The Barents Observer

An Arctic value for freedom of speech and support for democracy

апреля 05, 2017
The Barents Observer is a journalist-owned online newspaper covering the Euro-Arctic region and northern Russia.

With a devotion for cross-border journalism the Barents Observer provides daily news reports from and about Scandinavia, Russia and the Arctic.

Our dedicated and experienced team of Norwegian and Russian reporters produces news and multi-media contents with reach for global audiences interested in Arctic issues. We follow the key trends and developments in topics like climate change, energy and industry, shipping, civil society, borders, politics, ecology, security and indigenous peoples issues. 

The Barents Observer is a journalistic product following the principles of the Norwegian Rights and Duties of the Editor.

Our core values are freedom of speech and support for democracy. By providing impartial information and opinions across the borders of the Arctic and the Barents Region, we aim to be a counterbalance to authoritarianism and propaganda. Our reporting serve local societies, support regional development and promote international cooperation.

The Independent Barents Observer is a non-profit stock company fully own by the reporters. No regional or national authority have owner interests in the company, nor influence on the newsmaking. The newsdesk is located in Kirkenes, the Norwegian Arctic town located just few kilometres from the borders to Russia and Finland.

The Independent Barents Observer publishes in English and Russian. Additionally, we are playing with the idea of adding Chinese language, of which we have launched a pilot-version.


The Barents Observer is funded by donations from many individuals, private companies, foundations and others. A grant from European Endowment for Democracy makes it possible for us to publish all news in Russian language for our thousands of readers in Russia. Despite Kremlin’s censorship authorities, the Roskomnadzor, tries its best to block the Barents Observer from the Russian internet, we still manage break through. The Foundation Fritt Ord has granted journalist project support. We have got business start-up grants from both Innovation Norway and Sør-Varanger municipality.

In 2022/23 we invited Russian exile-journalists to come work with us. With this, the Barents Observer creates a free and safe environment on the Norwegian side of the border for Russian journalists that have fled their country in fear of prosecution for doing their job. Our passion for freedom of Russian journalism is made possible by donations from private persons, grants from the Fritt Ord Foundation and Tinius Trust. In collaboration with UiT - Norway’s Arctic University we run a project aimed at strengthening free and independent voices among Russians in exile, including knowledge building and journalism. 

Each one of us can contribute with a small or larger donation. Together we will make a difference!

In the Circumpolar north, we have teamed up with the two media networks Eye on the Arctic and Arctic Today. Both are republishing our articles. We do also cooperate with other Russian exile-media, such as 7x7 Journal and Novaya Gazeta Europa.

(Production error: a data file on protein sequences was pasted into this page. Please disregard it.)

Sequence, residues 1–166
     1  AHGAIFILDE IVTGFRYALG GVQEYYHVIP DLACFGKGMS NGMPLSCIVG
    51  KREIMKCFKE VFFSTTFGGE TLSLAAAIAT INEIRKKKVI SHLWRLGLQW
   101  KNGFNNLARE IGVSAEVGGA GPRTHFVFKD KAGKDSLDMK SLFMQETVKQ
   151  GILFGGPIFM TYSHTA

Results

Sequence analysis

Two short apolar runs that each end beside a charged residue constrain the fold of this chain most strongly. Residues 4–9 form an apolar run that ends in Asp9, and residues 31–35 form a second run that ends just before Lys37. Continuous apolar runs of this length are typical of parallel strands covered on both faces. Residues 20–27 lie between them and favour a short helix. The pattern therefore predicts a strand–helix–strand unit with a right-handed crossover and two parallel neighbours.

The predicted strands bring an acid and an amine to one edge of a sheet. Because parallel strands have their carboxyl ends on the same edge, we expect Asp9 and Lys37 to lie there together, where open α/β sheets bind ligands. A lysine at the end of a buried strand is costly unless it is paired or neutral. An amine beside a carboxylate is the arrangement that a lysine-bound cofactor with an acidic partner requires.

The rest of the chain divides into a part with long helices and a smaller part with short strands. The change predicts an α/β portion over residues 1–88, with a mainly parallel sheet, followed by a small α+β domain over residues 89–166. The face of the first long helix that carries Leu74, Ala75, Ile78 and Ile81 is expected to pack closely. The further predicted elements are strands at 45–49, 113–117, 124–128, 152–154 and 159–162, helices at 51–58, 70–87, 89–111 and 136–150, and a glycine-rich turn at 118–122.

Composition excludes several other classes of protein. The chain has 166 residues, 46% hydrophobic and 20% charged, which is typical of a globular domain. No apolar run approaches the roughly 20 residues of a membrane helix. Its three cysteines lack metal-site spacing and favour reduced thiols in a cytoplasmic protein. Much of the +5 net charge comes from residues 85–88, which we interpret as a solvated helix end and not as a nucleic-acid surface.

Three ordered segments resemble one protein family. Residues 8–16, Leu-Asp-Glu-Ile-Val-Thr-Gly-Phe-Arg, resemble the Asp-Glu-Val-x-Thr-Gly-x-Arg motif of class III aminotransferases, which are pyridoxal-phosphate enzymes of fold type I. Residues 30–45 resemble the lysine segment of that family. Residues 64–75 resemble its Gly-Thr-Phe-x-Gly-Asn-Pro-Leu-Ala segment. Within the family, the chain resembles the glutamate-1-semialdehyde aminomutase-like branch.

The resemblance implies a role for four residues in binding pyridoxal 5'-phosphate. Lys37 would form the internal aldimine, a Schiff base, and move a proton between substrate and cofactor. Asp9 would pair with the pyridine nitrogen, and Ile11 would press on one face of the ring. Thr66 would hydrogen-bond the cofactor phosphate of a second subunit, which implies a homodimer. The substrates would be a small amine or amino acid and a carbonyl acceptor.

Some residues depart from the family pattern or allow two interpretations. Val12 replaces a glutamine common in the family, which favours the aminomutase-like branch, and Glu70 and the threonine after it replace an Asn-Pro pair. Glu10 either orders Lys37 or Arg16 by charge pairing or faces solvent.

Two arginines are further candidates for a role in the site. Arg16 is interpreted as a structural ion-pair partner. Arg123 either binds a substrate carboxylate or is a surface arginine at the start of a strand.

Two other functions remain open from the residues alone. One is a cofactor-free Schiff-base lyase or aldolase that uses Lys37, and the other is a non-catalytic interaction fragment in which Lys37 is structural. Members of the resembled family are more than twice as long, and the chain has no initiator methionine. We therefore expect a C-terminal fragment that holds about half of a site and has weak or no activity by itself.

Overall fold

The Barents Observer takes the pulse on regional mass media and in 2021 published the report «Repression by Law.» In 2019, the report «Free Media on the Scaffold» was published and in 2017 - the «Journalism in the Borderland. Barents Media Freedom 2017». In 2016, we published the »Barents Observer - Prosessen» (in Norwegian), the story about how Norwegian regional politicians tried to halt the editorial freedom of the only Norwegian online newspaper published in Russian.

The Barents Observer was started by Atle Staalesen in 2002 as a private initiative based on the need for increased flow of cross-border knowledge in the Barents Region. The news site has since the start been bi-lingual English-Russian. In the period 2005 to 2015, the editorial desk of Barents Observer shared office and the reporters were employees of the Norwegian Barents secretariat. That secretariat was owned by the northernmost counties and in 2015 the board of the secretariat decided to remove the editorial freedom of the newspaper. Simultaneously as the secretariat tried to stop the editorial rights, Russia’s secret police, the FSB, asked Norwegian officials to close down Barents Observer. 

Naturally, it was unacceptable for Barents Observer not to follow basic principles of free journalism and the reporters moved out, added „Independent“ to the name and re-launched the newsdesk as a journalists owned media. The secretariat still holds the domain name „“ hostage and is unwilling to share the article-archive for the period 2008-2015. 

Atle Staalesen is founder of the Barents Observer. 


The Barents Observer today has six employees:

  • Atle Staalesen, founder and journalist
  • Thomas Nilsen, editor
  • Denis Zagore, journalist and multi-media content
  • Georgii Chentemirov, journalist
  • Elizaveta Vereykina, video-journalist 
  • Olesia Krivtsova, journalist

We also have Saara-Maria Salonen, a freelance journalists contributing from Inari in Finland.

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